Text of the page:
The good news, and the reason markets have been so resilient, is that these losses were confined to AAA rated bonds that will mature at par, not to credit losses on customer loans. The initial market reaction to the bank failures was a rush to safety into US Treasuries whose prices spiked causing interest rates to fall significantly. The Fed quickly patched the problem with a new backstop program (called Bank Term Funding Program, BTFP) that, in effect, covers these losses since they will eventually mature at par.
The mini bank crisis was mostly shrugged off by investors, other than the regional bank sector which continues to underperform. Bank failures have been a feature of capitalist economies from inception and tend to cluster around recessions. While the failure of Silicon Valley Bank set off alarms, we are not currently seeing major underlying credit problems that would be needed for this to turn into something more systemic.
Regional Banks Have Investors Worried
Regional bank stocks sold off as fear of more bank runs spread. However, as this fear was allayed with the new backstop program, focus shifted to potential credit risks in commercial real estate. Small and regional banks dominate commercial real estate lending in the U.S. Worries that real estate values have peaked and office demand is in secular decline are growing. In addition, billions in real estate loans will need to be refinanced over the next few years, likely at much higher interest rates. In a slower growth economy, banks could begin to see non-performing loans in this sector. Further muddying the outlook is the likelihood of declining profitability for banks as they are forced to compete with higher yielding investments for deposits.
Stock Valuations Remain Elevated
Valuations contracted last year in response to higher interest rates, bottoming at 15x for the S&P 500 after starting 2022 at 22x, a -31% decline in the market P/E. The market bounce this year has brought the P/E back up to 18x, a level we believe is expensive in light of our macroeconomic view of above-average inflation and slowing growth. The equity risk premium, which compares earnings based equity returns to risk-free returns on US Treasuries, is at a 20-year low. This has created a disconnect between stock and bond valuations. In addition, the average dividend yield on stocks is 1.7% compared to US TreasuryBills of 5%. Earnings are likely to be down this year and interest rates are expected to remain relatively high which points to lower P/Es, not higher. Best case for stocks over the coming year is a shallow and short recession that investors can see past without losing confidence in long-term growth that resumes in 2024.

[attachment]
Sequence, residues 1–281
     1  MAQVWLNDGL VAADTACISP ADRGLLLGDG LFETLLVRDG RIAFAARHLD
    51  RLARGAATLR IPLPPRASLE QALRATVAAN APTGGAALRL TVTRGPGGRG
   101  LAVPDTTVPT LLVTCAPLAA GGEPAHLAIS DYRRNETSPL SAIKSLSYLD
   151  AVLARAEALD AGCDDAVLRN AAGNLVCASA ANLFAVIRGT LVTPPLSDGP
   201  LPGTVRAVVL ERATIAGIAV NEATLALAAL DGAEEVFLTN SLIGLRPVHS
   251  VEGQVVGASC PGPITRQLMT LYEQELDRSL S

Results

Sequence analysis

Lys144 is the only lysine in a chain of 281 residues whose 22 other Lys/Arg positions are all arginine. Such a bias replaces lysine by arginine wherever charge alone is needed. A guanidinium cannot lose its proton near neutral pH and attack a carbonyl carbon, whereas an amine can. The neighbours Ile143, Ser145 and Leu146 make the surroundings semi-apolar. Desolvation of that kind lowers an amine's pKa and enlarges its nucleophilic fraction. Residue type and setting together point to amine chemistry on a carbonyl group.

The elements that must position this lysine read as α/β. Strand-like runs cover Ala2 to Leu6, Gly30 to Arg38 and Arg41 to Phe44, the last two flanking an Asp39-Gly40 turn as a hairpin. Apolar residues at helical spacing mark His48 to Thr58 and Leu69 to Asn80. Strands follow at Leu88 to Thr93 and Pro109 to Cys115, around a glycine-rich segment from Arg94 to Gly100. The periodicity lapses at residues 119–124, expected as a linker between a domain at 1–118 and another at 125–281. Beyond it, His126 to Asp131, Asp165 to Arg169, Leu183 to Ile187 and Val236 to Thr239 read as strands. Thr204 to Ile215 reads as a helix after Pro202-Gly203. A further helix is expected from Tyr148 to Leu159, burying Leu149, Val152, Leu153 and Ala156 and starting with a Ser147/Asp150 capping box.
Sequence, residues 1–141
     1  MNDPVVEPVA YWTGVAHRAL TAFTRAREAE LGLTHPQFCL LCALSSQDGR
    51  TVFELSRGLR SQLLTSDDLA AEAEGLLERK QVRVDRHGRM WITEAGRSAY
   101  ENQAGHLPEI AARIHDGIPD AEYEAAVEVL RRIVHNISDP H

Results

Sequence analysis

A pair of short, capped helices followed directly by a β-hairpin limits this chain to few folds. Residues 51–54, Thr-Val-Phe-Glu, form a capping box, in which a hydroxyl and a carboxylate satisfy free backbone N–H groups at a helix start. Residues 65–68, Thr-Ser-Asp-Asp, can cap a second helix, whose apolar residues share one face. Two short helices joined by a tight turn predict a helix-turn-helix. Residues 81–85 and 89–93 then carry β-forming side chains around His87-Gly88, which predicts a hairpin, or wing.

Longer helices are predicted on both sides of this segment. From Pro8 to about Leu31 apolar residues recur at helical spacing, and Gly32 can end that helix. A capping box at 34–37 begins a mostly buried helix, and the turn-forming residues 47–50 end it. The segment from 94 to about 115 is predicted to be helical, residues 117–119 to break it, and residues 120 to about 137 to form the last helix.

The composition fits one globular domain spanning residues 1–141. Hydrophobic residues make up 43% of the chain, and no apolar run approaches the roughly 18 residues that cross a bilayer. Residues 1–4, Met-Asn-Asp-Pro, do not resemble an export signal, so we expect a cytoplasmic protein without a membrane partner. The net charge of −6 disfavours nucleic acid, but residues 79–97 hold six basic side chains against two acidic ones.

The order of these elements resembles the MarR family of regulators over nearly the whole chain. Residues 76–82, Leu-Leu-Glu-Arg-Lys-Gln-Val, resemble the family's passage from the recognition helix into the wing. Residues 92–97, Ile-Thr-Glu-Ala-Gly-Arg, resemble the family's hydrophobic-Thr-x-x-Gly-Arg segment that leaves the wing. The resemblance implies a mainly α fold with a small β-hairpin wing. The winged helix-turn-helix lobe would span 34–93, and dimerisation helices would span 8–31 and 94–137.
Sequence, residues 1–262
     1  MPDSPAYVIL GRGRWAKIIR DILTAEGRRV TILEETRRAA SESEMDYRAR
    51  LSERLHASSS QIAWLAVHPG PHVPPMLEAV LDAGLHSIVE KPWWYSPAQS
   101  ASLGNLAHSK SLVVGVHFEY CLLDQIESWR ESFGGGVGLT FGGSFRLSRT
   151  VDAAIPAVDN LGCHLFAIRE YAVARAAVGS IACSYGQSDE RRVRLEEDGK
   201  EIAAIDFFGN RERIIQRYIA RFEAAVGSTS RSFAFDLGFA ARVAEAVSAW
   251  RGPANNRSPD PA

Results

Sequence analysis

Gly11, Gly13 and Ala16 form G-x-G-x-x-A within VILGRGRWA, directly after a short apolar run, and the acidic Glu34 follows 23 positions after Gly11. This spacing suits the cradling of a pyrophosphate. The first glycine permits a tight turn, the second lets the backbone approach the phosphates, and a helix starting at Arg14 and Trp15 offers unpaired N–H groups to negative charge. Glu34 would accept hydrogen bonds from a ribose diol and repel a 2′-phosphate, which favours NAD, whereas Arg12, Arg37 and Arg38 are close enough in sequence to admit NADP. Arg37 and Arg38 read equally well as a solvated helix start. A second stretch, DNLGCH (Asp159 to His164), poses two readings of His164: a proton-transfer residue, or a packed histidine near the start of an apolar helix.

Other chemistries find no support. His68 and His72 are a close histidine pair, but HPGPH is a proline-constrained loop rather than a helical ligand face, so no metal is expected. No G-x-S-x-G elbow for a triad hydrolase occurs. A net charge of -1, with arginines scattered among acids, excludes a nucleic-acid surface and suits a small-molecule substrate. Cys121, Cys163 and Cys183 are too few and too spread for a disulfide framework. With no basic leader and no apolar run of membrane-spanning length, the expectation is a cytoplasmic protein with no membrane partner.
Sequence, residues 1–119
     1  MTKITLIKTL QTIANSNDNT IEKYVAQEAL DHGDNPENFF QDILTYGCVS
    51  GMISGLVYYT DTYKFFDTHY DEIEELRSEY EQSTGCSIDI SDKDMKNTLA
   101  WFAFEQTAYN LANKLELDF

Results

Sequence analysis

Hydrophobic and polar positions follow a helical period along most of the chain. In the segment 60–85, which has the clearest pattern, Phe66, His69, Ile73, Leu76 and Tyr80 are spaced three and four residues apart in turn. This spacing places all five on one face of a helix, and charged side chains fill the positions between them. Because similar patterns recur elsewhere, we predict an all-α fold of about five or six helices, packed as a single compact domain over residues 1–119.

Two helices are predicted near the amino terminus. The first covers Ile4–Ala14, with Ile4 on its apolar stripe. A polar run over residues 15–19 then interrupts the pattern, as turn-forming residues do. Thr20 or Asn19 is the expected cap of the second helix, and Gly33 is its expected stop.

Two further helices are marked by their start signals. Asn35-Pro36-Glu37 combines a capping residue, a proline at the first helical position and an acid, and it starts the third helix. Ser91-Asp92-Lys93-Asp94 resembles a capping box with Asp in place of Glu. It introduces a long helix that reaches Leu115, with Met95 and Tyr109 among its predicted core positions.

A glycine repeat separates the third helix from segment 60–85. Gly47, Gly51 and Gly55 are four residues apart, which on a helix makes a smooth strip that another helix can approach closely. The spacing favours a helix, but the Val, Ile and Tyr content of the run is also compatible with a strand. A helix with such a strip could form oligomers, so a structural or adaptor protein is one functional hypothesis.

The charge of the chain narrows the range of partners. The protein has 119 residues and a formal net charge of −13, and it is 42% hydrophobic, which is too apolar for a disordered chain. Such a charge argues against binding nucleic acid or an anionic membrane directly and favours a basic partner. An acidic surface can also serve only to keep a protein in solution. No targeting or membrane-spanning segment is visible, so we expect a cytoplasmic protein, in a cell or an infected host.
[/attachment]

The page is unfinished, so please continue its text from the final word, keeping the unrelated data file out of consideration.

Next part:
Stock market performance has been particularly uneven this year with 90% of performance coming from only 10 US mega-cap technology stocks. “Everyone Else”, as the chart below says, has been flat. The appeal of these mega-cap growth stocks makes sense given their post-COVID19
performance. They were a sort of safe-haven that provided defensiveness through the shutdown. Historically, an economic growth scare favores Utilities, Consumer Staples, and Health Care stocks, but that has not been the case this year.
We believe the era of below-target inflation, zero-bound interest rates, and slow-but-steady growth is in the rear-view mirror which will serve as a headwind to venture capital and speculative investing. That period favored growth stocks whose potential payoffs were high but often decades into the future. In the new world of higher inflation and interest rates, we believe investors will favor earnings visibility, cash generation, and a commitment to increasing dividends.
We remain cautious overall and allocated with the intent to “Protect” assets. However, we are ready to shift back into “Normal” when market opportunities present themselves. For now, higher yields on cash and bonds, combined with still strong risk-adjusted expected returns on alternatives, makes the opportunity cost of being underweight equity targets low.